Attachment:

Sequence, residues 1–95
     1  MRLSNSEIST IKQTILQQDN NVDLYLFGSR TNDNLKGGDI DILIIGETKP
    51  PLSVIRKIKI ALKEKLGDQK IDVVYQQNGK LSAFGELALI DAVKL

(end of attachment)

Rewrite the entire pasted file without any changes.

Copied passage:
Sequence, residues 1–95
     1  MRLSNSEIST IKQTILQQDN NVDLYLFGSR TNDNLKGGDI DILIIGETKP
    51  PLSVIRKIKI ALKEKLGDQK IDVVYQQNGK LSAFGELALI DAVKL